You know that feeling you get when you re-emerge into the world after you’ve been reading for hours and you kind of feel disconnected and dazed and not quite sure in which reality you are? (If you don’t you should try it… it’s weird but wonderful).

Well I’m in this ‘in-between’ at the moment.  Yesterday I spent hours (seriously, hours) digging into Mr M’s family history … his grandparents were living in India when it was part of the Empire and that also forced me to look into some history I don’t know anything about at all…  still don’t really.

I’ve met tradesmen, soldiers, surgeons, teachers, engineers, government employees, East India company employees… his ancestors were Huguenots,  they were Indians from the Portuguese Colonies, English, Scottish and even Prussian!

Today I’m forcing myself to take  a little break, it’s for my brain… and for my children safety too, they’ll probably need feeding at some point, and ferrying around the various engagements.  Mr M is away on business and flying solo is tricky even without ghosts from the past crowding your mind.


The magnolias are in bloom.  Such wonderful trees aren’t they?  I’m trying to make an effort and walk the dog a little further and, more than that, to explore all the little street around my town.  I love to find pretty corners and interesting  plaques on the walls.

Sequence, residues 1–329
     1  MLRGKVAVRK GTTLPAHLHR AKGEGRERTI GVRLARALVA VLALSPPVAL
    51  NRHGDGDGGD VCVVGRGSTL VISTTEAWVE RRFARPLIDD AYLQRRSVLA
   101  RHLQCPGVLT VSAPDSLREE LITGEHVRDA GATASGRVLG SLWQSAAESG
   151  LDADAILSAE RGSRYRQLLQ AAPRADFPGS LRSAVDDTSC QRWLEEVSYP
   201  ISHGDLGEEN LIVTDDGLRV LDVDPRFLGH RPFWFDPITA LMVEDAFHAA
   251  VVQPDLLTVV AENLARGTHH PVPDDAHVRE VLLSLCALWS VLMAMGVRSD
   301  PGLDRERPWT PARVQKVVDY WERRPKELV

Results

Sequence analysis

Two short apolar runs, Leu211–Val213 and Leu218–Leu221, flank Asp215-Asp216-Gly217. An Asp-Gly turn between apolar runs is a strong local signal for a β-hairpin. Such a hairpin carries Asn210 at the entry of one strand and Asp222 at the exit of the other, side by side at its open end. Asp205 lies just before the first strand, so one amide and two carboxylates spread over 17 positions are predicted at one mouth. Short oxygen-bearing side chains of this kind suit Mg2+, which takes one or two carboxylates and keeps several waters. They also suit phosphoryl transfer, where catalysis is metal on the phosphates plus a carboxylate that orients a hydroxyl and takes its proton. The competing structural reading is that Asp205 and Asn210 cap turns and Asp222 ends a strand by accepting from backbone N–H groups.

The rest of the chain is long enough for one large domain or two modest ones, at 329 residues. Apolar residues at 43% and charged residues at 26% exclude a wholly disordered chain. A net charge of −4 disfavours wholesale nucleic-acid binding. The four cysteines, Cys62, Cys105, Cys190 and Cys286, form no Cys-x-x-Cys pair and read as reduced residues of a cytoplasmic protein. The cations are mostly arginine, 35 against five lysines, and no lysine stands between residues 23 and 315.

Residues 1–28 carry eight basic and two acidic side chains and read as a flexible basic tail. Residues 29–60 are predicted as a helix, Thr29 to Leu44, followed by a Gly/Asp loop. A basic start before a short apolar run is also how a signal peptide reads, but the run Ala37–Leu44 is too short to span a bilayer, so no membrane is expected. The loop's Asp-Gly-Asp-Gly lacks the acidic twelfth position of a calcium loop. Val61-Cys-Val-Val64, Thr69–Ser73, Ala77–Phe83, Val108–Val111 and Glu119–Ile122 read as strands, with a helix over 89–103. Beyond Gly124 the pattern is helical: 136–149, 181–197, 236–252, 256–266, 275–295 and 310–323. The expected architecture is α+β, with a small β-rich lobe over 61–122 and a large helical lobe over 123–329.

I guess history is really on my mind.  I feel like I want to know more… about everything.

What is the connection between Mr M’s grandmother and Belgium?

Who lives behind the colourful doors?


We’re all connected somehow.  The great circle of life and all that…   Looking back at the past really makes you realise that.  It’s not just us, we’re part of a process, part of a cycle, who we are is also who all those people were.

And it’s the five degrees of separation that connects me to Bruce Springsteen (in my dreams, but still the theory holds), it’s the Armenian soldier of fortune who fought in India for a rich Lord, it’s the taylor in Scotland, it’s the post master in Italy, the coal miner in England.

We’re all connected.

Maybe even the person who painted this graffiti…



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